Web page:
A law firm not specializing in debt collection activity is not a “debt collector” under the Fair Debt Collection Practices Act because it was not “regularly” engaged in debt collection, according to the U.S. Court of Appeals for the Fifth Circuit. The case is Reyes v. Steeg Law.
Illinois: Condominium Association Liability insurance policies have limits
An insurance company for State Parkway Condo Association considered all of Novak’s claims to be connected to the same complaints, notably discrimination on the basis of his hearing impairment.
After years of litigation related to the same issues, General American Insurance Company informed the condo association when its policy limit had been exceeded. The condo association appealed the matter in court, but GAIC prevailed on its assertion of its policy limitations.
It seems that insurance companies are getting wise to HOA board members — and managers — who use Directors & Officers, or Errors & Omissions coverage as their personal “get out of jail free” card for abusive, discriminatory, or incompetent behavior.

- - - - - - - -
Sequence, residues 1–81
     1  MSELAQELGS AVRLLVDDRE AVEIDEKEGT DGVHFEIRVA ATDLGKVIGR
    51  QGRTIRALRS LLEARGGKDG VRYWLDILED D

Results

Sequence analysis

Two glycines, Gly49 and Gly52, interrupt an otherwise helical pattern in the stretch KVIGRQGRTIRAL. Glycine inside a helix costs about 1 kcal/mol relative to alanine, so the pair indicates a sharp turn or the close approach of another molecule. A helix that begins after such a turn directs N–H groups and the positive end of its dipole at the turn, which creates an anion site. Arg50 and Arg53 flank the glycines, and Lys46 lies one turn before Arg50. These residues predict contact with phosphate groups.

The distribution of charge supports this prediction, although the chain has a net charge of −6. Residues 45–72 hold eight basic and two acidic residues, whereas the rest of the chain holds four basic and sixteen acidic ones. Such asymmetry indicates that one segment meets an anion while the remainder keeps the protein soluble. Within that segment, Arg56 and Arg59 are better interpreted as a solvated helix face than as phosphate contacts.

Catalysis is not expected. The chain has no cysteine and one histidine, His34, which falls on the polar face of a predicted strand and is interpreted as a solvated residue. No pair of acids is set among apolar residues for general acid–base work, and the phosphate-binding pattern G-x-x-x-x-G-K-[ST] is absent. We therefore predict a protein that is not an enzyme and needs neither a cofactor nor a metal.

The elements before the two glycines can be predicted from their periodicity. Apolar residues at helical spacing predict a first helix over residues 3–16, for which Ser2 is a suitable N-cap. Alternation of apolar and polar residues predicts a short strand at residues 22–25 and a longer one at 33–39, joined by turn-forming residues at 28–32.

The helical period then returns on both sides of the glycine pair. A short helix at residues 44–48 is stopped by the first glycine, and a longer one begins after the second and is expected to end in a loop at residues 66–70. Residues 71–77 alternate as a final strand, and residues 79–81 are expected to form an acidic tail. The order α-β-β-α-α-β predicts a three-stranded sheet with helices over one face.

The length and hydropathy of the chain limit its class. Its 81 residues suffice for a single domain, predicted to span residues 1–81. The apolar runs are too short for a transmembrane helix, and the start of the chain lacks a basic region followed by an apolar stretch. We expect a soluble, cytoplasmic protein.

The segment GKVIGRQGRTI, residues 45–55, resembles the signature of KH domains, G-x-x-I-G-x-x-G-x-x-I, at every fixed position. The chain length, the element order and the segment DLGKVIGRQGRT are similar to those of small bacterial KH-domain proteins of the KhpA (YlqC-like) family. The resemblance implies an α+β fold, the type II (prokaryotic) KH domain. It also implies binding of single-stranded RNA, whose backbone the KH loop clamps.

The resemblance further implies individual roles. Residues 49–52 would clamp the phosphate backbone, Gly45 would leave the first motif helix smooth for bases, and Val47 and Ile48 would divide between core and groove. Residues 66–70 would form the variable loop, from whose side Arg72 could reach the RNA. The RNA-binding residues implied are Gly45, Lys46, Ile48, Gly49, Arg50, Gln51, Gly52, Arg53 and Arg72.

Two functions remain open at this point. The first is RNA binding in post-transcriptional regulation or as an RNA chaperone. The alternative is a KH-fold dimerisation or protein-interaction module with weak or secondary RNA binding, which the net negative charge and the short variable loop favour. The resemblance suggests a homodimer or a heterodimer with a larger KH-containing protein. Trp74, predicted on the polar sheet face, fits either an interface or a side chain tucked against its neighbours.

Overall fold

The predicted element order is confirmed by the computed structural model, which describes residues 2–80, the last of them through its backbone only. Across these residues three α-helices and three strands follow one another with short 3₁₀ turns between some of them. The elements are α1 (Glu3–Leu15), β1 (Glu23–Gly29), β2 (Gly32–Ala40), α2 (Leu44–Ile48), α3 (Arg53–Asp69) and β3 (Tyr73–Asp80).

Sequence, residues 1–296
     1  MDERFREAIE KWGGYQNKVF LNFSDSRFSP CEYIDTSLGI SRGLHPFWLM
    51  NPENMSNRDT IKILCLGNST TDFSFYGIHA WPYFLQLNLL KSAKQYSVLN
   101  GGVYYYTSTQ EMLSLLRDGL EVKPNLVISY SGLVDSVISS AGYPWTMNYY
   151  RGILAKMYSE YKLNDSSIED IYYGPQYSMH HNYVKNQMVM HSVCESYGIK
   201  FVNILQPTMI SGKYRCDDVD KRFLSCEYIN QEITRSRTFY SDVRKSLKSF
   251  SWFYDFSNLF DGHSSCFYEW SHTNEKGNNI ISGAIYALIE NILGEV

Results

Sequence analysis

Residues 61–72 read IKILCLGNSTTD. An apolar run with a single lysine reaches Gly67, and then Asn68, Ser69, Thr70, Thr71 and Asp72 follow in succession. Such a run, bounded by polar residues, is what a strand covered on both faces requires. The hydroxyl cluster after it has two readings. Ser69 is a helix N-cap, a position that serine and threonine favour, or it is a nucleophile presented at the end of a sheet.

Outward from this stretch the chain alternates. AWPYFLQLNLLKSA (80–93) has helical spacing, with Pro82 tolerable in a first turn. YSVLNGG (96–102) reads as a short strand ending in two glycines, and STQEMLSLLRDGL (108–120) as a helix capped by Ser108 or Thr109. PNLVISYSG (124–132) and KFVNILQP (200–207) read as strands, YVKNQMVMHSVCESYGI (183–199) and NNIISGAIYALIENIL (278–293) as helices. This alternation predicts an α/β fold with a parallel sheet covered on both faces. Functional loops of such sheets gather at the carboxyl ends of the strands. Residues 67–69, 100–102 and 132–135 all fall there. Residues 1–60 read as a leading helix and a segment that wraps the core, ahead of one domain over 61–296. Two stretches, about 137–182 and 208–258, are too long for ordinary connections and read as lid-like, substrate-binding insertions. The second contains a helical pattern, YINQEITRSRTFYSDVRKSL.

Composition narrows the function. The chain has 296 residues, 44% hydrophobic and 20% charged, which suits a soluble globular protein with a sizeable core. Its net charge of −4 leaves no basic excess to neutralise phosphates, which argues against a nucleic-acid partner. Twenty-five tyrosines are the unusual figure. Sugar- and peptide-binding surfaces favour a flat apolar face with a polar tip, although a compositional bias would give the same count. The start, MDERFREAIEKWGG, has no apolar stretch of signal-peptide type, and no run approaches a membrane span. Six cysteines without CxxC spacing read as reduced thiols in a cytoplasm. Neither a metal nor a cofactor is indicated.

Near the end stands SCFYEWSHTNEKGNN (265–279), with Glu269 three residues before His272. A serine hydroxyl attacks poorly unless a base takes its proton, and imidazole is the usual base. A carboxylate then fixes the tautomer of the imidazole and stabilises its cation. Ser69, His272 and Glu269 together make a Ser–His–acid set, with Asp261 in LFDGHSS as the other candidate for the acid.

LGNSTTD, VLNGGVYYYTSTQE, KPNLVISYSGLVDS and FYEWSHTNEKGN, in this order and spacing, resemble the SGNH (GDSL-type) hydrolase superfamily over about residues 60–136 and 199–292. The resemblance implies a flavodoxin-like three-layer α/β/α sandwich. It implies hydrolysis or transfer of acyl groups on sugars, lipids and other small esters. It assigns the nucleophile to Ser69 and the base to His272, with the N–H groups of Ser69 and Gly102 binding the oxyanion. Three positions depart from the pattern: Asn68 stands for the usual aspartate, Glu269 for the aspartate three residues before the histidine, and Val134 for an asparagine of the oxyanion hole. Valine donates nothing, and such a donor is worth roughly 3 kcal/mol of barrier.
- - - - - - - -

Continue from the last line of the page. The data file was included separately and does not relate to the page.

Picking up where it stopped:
“Related Wrongful Acts” Can Exhaust An Association’s Liability Insurance Policy Limit
by Husch Blackwell LLP
IMPRESSION: The ruling in Great Am. Ins. Co. v. State Parkway Condo. Ass’n, No. 17-cv-3083 (N.D. Ill. Sept. 11, 2018), should serve as a cautionary tale to Condo and HOA boards.
DETAILS: In Chicago, a unit owner of a condominium located at 1445 North State Street filed an Illinois state discrimination claim in 2007 against the State Parkway Condominium Association (“SPCA”) for failure to accommodate his hearing disability during SPCA Board meetings. The SPCA defended the claim under its 2006-2007 Non-Profit Management and Organization Liability Insurance Policy (“policy) issued by Travelers Casualty and Surety Company of America (“Travelers”).
California: If CC&Rs say so, HOAs must obtain a membership vote before filing construction defect claims
A planned community association made the mistake of not obtaining association members’ approval before filing a lawsuit against the developer. When the HOA learned of the need for a vote of membership in its Declaration of CC&Rs, it collected votes two years later.
An Arbitrator ruled in favor of the developer’s motion to dismiss the lawsuit, because the HOA did not follow the terms of the CC&Rs. The HOA attempted to get the court to vacate the Arbitrator’s decision, but the courts declined to throw out the Arbitrator’s ruling.
Arbitrator Not Found to Exceed its Powers